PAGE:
Friday, April 18, 2008

Measuring performance of Linux Kernel likely() and unlikely()

A little while back I wrote about how prominent likely() and unlikely() are in the Linux kernel, and yet I could not find any performance measurements linked to them.

Today I made some measurements myself.

But first a quick review - likely and unlikely are just macros for gcc's __builtin_expect(), which in turn allows the compiler to generate code compatible with the target architecture's branch prediction scheme. The GCC documentation really warns against using this manually too often:

You may use __builtin_expect to provide the compiler with branch prediction information. In general, you should prefer to use actual profile feedback for this (-fprofile-arcs), as programmers are notoriously bad at predicting how their programs actually perform. However, there are applications in which this data is hard to collect.
The kernel certainly makes liberal use of it. Accroding to LXR 2.6.24 had 1608 uses of likely and 2075 uses of unlikely in the code. LXR didn't have an index of the just released 2.6.25 yet - but I'd bet it is likely to be more now.

My methodology was simple, I choose several benchmarks commonly used in kernel land and I ran them against vanilla 2.6.25 and also against a copy I called "notlikely" which simply had the macros nullified using this piece of programming genius:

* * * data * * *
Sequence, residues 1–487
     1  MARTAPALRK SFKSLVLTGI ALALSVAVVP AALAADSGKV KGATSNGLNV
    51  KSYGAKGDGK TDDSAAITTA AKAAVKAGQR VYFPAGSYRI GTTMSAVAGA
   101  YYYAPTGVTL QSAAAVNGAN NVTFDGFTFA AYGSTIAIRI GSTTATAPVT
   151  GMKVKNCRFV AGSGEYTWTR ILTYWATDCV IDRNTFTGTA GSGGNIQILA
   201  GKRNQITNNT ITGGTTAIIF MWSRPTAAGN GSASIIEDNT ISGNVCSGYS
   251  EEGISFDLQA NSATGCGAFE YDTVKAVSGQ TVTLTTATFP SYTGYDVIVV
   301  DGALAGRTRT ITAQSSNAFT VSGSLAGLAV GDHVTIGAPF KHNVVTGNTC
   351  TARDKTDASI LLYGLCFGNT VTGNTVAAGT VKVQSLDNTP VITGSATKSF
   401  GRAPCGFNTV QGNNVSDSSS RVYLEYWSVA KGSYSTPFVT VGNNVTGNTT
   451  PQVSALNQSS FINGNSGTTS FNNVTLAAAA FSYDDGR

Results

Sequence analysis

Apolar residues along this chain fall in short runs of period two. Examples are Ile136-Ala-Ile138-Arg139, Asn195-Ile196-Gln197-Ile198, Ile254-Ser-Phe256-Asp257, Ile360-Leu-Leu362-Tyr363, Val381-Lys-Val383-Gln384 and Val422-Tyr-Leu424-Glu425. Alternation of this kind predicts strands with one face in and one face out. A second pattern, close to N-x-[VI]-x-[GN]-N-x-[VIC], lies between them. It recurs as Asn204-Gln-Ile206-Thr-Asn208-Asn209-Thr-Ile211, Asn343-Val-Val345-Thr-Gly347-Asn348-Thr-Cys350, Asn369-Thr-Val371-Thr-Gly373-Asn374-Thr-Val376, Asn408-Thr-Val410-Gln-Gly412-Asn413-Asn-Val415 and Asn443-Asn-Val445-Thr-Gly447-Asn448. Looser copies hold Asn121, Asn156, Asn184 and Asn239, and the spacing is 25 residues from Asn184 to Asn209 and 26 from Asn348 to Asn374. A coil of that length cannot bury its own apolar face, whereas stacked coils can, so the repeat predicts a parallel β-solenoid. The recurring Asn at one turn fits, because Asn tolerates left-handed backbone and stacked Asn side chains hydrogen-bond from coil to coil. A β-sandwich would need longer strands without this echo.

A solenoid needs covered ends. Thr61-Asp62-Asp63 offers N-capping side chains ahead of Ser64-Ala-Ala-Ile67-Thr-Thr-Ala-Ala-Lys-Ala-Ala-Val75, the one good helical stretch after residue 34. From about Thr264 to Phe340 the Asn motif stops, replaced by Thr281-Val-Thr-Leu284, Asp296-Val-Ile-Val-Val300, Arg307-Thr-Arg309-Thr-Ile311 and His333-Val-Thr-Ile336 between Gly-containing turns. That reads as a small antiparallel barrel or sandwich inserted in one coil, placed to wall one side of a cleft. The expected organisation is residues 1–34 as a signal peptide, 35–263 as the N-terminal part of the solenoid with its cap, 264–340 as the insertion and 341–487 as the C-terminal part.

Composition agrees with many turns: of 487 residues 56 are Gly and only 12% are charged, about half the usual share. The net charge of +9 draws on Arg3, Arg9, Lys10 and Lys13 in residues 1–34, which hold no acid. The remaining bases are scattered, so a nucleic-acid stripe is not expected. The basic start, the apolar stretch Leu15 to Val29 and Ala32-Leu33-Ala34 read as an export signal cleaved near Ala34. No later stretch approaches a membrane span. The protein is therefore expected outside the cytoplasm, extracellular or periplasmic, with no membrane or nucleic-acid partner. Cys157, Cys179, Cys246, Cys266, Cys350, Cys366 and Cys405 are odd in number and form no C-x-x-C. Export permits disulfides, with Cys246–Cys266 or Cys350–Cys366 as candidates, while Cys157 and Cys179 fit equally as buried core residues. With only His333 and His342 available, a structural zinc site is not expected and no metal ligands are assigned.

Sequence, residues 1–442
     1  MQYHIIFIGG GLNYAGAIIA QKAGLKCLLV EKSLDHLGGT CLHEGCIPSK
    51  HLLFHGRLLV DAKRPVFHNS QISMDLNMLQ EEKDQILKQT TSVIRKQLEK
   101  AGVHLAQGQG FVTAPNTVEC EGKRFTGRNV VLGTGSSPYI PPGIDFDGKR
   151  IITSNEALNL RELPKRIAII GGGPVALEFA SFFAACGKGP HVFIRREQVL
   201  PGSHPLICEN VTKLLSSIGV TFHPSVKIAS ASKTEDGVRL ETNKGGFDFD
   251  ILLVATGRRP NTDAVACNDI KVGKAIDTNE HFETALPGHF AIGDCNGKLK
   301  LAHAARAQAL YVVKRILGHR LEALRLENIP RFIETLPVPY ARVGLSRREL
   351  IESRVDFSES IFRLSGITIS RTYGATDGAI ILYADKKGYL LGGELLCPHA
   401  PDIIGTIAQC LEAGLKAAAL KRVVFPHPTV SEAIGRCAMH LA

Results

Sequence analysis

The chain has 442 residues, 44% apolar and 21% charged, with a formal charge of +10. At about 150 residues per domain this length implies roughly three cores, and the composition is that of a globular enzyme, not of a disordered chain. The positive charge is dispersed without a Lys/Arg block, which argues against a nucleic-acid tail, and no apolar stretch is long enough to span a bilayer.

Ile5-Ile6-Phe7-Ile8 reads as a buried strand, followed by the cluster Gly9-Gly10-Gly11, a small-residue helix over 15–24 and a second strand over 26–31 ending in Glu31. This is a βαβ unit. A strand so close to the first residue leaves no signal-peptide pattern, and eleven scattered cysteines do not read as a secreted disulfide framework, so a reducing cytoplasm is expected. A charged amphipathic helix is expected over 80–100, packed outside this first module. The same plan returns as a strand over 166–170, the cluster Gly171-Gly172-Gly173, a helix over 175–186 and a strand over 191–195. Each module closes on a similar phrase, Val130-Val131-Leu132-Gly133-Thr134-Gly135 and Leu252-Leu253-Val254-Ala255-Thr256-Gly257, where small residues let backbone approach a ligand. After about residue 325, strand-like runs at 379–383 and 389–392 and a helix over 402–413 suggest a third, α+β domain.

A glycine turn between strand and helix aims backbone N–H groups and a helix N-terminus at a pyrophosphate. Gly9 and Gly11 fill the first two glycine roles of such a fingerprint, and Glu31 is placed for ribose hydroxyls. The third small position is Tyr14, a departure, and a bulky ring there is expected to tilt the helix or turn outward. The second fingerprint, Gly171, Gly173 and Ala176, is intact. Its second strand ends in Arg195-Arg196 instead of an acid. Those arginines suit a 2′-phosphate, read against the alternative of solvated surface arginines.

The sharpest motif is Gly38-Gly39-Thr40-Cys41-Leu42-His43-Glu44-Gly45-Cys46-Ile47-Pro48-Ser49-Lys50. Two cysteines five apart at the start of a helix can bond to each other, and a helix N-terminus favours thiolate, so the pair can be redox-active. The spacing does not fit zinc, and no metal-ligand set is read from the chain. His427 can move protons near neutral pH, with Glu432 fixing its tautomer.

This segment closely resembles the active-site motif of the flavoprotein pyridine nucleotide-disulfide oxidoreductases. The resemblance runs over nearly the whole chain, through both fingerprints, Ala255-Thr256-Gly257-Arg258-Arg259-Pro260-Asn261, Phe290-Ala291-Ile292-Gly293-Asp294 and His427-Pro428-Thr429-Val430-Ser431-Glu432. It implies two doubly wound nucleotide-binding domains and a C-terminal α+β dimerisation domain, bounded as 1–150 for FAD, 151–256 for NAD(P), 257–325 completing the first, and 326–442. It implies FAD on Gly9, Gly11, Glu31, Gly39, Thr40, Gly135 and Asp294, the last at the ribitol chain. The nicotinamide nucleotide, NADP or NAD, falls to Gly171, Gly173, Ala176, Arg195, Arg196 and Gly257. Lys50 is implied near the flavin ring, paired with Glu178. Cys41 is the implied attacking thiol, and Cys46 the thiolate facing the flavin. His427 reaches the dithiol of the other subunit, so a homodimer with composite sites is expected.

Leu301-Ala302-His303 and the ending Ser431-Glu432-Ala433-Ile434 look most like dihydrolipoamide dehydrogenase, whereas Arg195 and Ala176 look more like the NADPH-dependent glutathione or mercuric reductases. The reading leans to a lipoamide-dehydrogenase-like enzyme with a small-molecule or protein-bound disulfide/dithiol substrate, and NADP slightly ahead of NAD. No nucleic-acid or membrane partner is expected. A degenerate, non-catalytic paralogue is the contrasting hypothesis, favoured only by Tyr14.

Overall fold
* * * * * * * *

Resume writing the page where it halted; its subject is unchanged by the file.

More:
The tests I ran were lmbench, netperf, bonnie++, and the famous "how fast can I compile the kernel?" test.

The test hardware was an all 64 bit setup on a 2.6Ghz core-2 duo with 2GB of ram and a SATA disk. Pretty standard desktop hardware.

The core 2 architecture has a pretty fine internal branch prediction engine without the help of these external hints. But with such extensive use of the macros (3500+ times!), I expected to see some difference shown by the numbers.

But I didn't see any measurable difference. Not at all.

Not a single one of those tests showed anything that I wouldn't consider overlapping noise. I had 3 data points for each test on each kernel (6 points per test) and each test had several different facets. Out of dozens of different facets, there wasn't a single criteria where the measurement was always better or worse on one kernel.

And this disappoints me. Because I like micro optimizations damn it! And in general this one seems to be a waste of time other than the nice self documenting code it produces. Perhaps the gcc advice is correct. Perhaps the Core-2 is so good that this doesn't matter. Perhaps there is a really compelling benchmark that I'm just not running.

I say it is a waste in general because I am sure there are specific circumstances and code paths where this makes a measurable difference. There certainly must be a benchmark that can show it - but none of these broad based benchmarks were able to show anything useful. That doesn't mean the macro is over used, it seems harmless enough too, but it probably isn't worth thinking too hard about it either.